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Type of spurious reasoning which ignores other effects of a counterfactual

Consider a male athlete who is a reasonably skilled 100 metres sprinter, with a best time around 10.3 seconds. Probably not enough to make a career in track and field, but faster than the women's 100 ...
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Where did the practice of using quotation marks to discredit an opponent (“scare-quotes”) come from?

This is a practice extremely prevalent on conspiracy theory blogs and social media (a.k.a., conspiracy theory blogs), but where did the concept of discrediting opponents with quotation marks come ...
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What is the correct grammar to use for this common style of speaking?

Oftentimes when people want to emphasize something, an idea is repeated three times, but without closing it as a full sentence. I am not sure how to write this in a formal essay. Here is my example: ...
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False attribution to increase authority

What is the practice called of falsely attributing an anecdote or piece of writing or fact to another source to give it more authority or authenticity, or to avoid the appearance of self-promotion? ...
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identifying a specific fallacious argument

How do you call redefining your opponent's argument to better suit your own prejudice ? For instance declaring that those who 'think' that a film will not be successful in Europe actually  'wish'  so. ...
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Rhetorical device - listing rejected answers

Is there a name for the rhetorical device whereby you ask a question and then list the rejected answers? For example: "What was it then? It wasn't x, nor y, nor z. No, in fact it was . . .." The ...
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Phrasing the main point as a parenthetical

In a blog comment I found myself responding to (what I considered) a foolish point using this format: “‹quotation of the original›” ‹sarcastic over-the-top agreement with the statement› ...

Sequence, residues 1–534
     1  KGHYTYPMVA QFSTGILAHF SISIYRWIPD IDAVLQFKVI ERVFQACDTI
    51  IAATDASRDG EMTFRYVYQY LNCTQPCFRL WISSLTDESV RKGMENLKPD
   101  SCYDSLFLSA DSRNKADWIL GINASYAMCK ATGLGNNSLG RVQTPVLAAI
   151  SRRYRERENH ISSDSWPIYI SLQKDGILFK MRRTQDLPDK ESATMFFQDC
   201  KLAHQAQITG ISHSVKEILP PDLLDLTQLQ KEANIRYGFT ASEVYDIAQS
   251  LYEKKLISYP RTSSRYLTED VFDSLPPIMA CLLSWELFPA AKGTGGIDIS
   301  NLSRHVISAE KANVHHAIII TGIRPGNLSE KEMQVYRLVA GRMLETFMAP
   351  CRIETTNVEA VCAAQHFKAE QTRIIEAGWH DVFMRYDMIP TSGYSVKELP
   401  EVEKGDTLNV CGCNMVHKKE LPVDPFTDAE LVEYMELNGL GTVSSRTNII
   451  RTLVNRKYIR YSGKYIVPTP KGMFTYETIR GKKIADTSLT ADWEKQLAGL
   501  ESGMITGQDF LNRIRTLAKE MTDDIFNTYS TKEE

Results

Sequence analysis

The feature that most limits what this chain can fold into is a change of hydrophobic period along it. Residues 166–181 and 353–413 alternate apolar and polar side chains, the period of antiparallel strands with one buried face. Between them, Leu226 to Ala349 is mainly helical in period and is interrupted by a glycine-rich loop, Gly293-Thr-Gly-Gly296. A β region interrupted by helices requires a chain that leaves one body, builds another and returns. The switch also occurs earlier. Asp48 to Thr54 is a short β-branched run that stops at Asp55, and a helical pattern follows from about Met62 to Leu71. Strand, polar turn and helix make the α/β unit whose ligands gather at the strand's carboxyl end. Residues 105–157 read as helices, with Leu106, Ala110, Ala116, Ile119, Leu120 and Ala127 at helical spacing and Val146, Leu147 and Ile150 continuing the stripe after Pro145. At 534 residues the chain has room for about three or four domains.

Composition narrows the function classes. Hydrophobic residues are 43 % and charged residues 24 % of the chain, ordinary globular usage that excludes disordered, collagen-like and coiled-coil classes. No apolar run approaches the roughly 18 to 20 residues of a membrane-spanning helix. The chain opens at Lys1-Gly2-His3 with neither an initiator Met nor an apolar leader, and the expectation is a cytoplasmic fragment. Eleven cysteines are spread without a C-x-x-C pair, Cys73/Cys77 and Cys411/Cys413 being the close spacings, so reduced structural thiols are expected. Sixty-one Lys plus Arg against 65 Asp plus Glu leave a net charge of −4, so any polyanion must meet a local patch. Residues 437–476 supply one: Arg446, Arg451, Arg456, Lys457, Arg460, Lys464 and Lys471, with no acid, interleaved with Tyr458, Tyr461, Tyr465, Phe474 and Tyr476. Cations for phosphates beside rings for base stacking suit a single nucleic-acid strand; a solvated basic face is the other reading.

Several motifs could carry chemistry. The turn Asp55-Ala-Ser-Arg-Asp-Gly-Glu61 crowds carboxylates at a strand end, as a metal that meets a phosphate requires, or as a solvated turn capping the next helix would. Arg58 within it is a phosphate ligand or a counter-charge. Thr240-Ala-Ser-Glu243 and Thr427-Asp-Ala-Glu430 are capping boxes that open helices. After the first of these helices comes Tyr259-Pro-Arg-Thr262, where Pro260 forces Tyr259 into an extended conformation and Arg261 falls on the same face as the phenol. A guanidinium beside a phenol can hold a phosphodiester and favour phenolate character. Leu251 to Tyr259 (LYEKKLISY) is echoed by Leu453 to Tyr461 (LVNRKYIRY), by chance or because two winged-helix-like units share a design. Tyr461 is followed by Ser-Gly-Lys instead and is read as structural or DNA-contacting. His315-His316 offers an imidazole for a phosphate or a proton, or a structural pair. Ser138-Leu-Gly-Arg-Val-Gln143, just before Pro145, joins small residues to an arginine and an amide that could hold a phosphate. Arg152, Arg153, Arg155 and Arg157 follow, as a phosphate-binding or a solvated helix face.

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What do you call the rhetoric strategy of purposefully writing a paragraph that no one can understand?

Most of us have come across a paragraph which sounded meaningless to us or which made us wonder if we were intellectually equipped to read it. That may have been the case, but sometimes one writes a ...
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What is the opposite of synecdoche?

If synecdoche represents when a part of a thing or person refers to the whole, what is it called when the whole is used to refer to a part? For example, we often hear about what "The American People ...
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What is the name of this rhetorical device?

Alice and Bob are discussing their recently ended short relationship. The ending of the relationship was instigated by Alice. Bob indicates that he thinks it is a shame the relationship ended. Alice ...
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562 views

“Are you calling me a liar?”

Normally I ignore the formalisms of rhetoric, but I'm curious: When the above question is used to "defend" a point of opinion or interpretation, would it best be classified as an ad hominem argument, ...
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80 views

Wedge between the related verbs?

At the beginning of 1807, based on information gathered from Burr’s correspondence allegedly showing that he had begun preparations for a large-scale military expedition, the former vice ...
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198 views

'Anastrophe' a hyponym of 'hyperbaton'?

[Source 1:] 'an anastrophe is always a type of hyperbaton, but a hyperbaton is not necessarily an anastrophe'. [Source 2:] Anastrophe is most often a synonym for hyperbaton, but is ...
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Is this an example of rhetoric? [closed]

I don't know if this is an example of rhetoric. How has CVS changed over the past few years?
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Rhetoric: 'Anyone that believes _____, must be _______.'

Is there a specific name for rhetoric that follows this general form? 'Anyone that _____, (is a, must be, etc.) _______.' I seem to recall that the above was a specific type of rhetoric pointed out ...
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“The only witness is a prostitute!” What do you call this type of rhetoric in English? [closed]

The defense attorney: “…and finally, ladies and gentlemen of the jury, my client can never be considered legally guilty unless the prosecutor can prove it beyond a reasonable doubt. And, ...
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What makes a question rhetorical?

according to Wikipedia: A rhetorical question is a figure of speech in the form of a question posed for its persuasive effect without the expectation of a reply. Example: "How much longer ...